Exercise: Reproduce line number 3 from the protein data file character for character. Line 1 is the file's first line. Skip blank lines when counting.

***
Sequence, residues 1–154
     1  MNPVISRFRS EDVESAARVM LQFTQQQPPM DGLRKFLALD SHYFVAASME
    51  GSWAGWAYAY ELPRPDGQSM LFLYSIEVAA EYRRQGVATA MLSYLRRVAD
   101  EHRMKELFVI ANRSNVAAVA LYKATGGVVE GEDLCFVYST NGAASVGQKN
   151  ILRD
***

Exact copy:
    51  GSWAGWAYAY ELPRPDGQSM LFLYSIEVAA EYRRQGVATA MLSYLRRVAD